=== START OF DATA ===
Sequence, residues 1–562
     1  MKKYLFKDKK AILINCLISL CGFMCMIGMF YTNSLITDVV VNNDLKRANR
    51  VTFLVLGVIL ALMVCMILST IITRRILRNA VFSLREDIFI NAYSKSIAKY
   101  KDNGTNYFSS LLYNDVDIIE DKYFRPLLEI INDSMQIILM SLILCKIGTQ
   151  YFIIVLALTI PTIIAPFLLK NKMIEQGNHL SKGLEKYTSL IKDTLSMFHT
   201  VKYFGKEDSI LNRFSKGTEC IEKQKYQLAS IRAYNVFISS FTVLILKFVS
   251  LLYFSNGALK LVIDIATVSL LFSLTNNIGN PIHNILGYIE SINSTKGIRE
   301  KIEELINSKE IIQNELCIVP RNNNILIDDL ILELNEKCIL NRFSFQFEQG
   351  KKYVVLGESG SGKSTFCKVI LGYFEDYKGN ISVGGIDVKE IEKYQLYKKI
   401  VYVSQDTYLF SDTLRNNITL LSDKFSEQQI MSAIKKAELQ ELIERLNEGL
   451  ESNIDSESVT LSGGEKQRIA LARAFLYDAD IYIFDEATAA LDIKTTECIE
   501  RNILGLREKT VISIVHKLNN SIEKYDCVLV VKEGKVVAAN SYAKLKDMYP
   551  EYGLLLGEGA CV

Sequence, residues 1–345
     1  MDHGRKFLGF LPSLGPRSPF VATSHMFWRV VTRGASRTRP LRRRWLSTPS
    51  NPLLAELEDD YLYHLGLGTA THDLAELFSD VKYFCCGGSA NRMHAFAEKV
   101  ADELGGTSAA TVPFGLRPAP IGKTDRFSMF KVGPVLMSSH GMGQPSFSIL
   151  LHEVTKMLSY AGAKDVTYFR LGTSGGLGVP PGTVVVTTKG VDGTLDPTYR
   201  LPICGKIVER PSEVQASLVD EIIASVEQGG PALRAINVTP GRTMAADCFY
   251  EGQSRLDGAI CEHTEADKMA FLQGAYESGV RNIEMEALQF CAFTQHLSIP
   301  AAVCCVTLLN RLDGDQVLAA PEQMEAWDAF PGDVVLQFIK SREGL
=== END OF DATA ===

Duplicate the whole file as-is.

Sequence, residues 1–562
     1  MKKYLFKDKK AILINCLISL CGFMCMIGMF YTNSLITDVV VNNDLKRANR
    51  VTFLVLGVIL ALMVCMILST IITRRILRNA VFSLREDIFI NAYSKSIAKY
   101  KDNGTNYFSS LLYNDVDIIE DKYFRPLLEI INDSMQIILM SLILCKIGTQ
   151  YFIIVLALTI PTIIAPFLLK NKMIEQGNHL SKGLEKYTSL IKDTLSMFHT
   201  VKYFGKEDSI LNRFSKGTEC IEKQKYQLAS IRAYNVFISS FTVLILKFVS
   251  LLYFSNGALK LVIDIATVSL LFSLTNNIGN PIHNILGYIE SINSTKGIRE
   301  KIEELINSKE IIQNELCIVP RNNNILIDDL ILELNEKCIL NRFSFQFEQG
   351  KKYVVLGESG SGKSTFCKVI LGYFEDYKGN ISVGGIDVKE IEKYQLYKKI
   401  VYVSQDTYLF SDTLRNNITL LSDKFSEQQI MSAIKKAELQ ELIERLNEGL
   451  ESNIDSESVT LSGGEKQRIA LARAFLYDAD IYIFDEATAA LDIKTTECIE
   501  RNILGLREKT VISIVHKLNN SIEKYDCVLV VKEGKVVAAN SYAKLKDMYP
   551  EYGLLLGEGA CV

Sequence, residues 1–345
     1  MDHGRKFLGF LPSLGPRSPF VATSHMFWRV VTRGASRTRP LRRRWLSTPS
    51  NPLLAELEDD YLYHLGLGTA THDLAELFSD VKYFCCGGSA NRMHAFAEKV
   101  ADELGGTSAA TVPFGLRPAP IGKTDRFSMF KVGPVLMSSH GMGQPSFSIL
   151  LHEVTKMLSY AGAKDVTYFR LGTSGGLGVP PGTVVVTTKG VDGTLDPTYR
   201  LPICGKIVER PSEVQASLVD EIIASVEQGG PALRAINVTP GRTMAADCFY
   251  EGQSRLDGAI CEHTEADKMA FLQGAYESGV RNIEMEALQF CAFTQHLSIP
   301  AAVCCVTLLN RLDGDQVLAA PEQMEAWDAF PGDVVLQFIK SREGL